Justification by grace though faith, not by will-power. Paul came to his understanding of “justification by grace through faith” because of his inability to achieve a perfect expression by will and intellect. He was a good Pharisee, but he knew that his life was not sufficient to achieve the full expression of his true nature. The will is one of the Twelve Powers, our decision making faculty that moves the other faculties into action. The problem with the will is that it cannot see the reality of Divine ideas. So, as we said in the chapter on the Metaphysical Paul, Paul's mission was to conquer the will and intellect (symbolized by Rome) and to place it in service to his Christ nature. Paul's discovery is that the it is the faculty of faith, our ability to perceive the reality of the oneness of God and the flow of Divine ideas, that enables us to achieve perfect expression.
    Works of consciousness. The power behind justification by grace through faith, or perfect expression, is what metaphysicians know as “works of consciousness,” that is, our work in consciousness with the Divine Ideas given by God-Mind, primarily through affirmations, prayer and what Eric Butterworth called keeping “in the flow of life.” Such works can't help but express our Christ potential. Trying to be perfect by our own will-power doesn't work.
    See Divine Ideas in Paul's Writings, Bible Interpretation - Acts to Revelation.
    Borg, Marcus. Reading the Bible Again for the First Time (2001). New York: Harper Collins
  2. Centrality of the crucifixion of Jesus. Given what we have said about death, we should also ask about the crucifixion of Jesus. Why was Christ crucified? Traditional Christianity has given a variety of answers, sometimes declaring that Jesus was a scapegoat for our sins, sometimes saying that “God so love us that he sacrificed himself for us and sometimes accusing Rome or the Jews of spiritual blindness. But none of these answers are truly satisfying for modern day spiritual seekers. We get a glimpse of the meaning Paul placed on the crucifixion of Jesus in the the following well-known passage from Galatians:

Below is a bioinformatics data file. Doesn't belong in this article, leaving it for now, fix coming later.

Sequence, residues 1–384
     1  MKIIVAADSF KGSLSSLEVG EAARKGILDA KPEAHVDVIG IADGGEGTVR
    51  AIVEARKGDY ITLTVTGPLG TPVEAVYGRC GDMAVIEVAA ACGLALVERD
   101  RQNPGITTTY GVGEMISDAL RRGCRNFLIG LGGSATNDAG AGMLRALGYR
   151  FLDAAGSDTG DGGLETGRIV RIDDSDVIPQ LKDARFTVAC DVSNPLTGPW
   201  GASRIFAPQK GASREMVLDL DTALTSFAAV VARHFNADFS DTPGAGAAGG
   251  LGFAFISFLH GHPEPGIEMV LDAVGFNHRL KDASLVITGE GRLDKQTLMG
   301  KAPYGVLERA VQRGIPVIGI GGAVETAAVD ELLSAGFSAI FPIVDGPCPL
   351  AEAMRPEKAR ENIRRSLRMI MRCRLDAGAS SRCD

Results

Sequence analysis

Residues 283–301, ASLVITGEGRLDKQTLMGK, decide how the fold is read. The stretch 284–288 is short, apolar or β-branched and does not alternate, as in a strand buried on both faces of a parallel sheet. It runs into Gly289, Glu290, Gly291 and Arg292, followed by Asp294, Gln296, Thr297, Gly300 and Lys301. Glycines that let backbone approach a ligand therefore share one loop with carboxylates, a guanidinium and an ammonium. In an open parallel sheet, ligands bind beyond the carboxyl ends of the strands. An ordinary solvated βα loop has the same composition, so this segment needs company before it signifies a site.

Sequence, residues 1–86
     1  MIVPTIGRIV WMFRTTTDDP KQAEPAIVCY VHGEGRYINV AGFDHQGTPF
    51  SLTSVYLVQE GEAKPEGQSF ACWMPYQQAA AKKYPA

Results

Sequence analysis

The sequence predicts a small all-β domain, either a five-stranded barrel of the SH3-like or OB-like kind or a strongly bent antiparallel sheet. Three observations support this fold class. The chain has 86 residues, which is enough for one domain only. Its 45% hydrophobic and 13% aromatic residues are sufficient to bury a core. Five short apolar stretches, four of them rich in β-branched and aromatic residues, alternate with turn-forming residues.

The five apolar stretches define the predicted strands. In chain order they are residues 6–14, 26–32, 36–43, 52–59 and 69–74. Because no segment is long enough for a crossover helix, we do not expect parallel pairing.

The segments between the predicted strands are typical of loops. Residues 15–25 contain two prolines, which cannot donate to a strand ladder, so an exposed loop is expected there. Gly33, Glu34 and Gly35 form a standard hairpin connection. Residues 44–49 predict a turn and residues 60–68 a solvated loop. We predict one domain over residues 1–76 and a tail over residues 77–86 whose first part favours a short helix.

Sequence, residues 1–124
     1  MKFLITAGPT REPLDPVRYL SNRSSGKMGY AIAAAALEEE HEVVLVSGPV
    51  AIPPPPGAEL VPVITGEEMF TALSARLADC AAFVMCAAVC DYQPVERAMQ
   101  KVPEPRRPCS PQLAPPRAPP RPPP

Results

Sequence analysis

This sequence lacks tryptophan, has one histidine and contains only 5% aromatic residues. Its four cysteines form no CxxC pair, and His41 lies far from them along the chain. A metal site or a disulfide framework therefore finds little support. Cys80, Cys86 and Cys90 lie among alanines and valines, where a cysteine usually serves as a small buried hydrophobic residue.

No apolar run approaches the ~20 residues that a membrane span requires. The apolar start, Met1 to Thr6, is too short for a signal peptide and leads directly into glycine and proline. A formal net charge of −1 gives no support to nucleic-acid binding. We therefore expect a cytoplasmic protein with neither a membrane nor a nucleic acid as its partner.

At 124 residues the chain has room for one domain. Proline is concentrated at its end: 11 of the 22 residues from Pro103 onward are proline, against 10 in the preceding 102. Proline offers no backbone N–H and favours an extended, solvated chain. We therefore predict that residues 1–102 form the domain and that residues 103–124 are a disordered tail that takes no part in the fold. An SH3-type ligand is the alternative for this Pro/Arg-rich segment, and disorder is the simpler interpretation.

“I have been crucified with Christ; and it is no longer I who live, but it is Christ who lives in me. And the life I now live in the flesh I live by faith in the Son of God, who loved me and gave himself for me” (Gal 2:20)
    Note a few things. First, it is Paul who is crucified. Second, it is Paul who is crucified with Christ. Third, Paul is transformed, not in his status before God (he still lives “in the flesh”) but rather in his new reliance on faith. Finally, Paul is aware of being loved.
    All these point to one inescapable conclusion: that the path to declaring “Jesus is Lord!” (oneness), the path to a life “in Christ” (flow) and the path to “justification by grace though faith” (expression) is the path of spiritual rebirth and spiritual rebirth only occurs by being crucified with Christ.
    Metaphysical rebirth: crucifixion of error thoughts. Metaphysically, crucifixion is our experience of letting go of error thinking, some cherished aspect our our personality or of our personal life, in order to unfold more of our spiritual potential. Paul writes in his letter to the Romans,
    I appeal to you therefore, brothers and sisters, by the mercies of God, to present your bodies as a living sacrifice, holy and acceptable to God, which is your spiritual worship. Do not be conformed to this world, but be transformed by the renewing of your minds, so that you may discern what is the will of God—what is good and acceptable and perfect. (12:1-2)

    There is perhaps no other passage in all of Paul's letters where he so clearly reveals his own metaphysical understanding of the sacrifice of Christ. Paul believes we are a living sacrifice, not for the forgiveness of sins, or for martyrdom, but rather for the “renewing of our minds.” Our mind is where we establish our oneness with God by declaring “Jesus is Lord!” Our mind is where we allow the flow of Divine ideas to enter by living “in Christ.” Our mind is where we are justified by grace through works of consciousness of our faith faculty. And, ultimately, our mind is where we are transformed into new life by embracing our crucifixion with Christ.
    See Divine Ideas in Paul's Writings, Bible Interpretation - Acts to Revelation.
    Borg, Marcus. Reading the Bible Again for the First Time (2001). New York: Harper Collins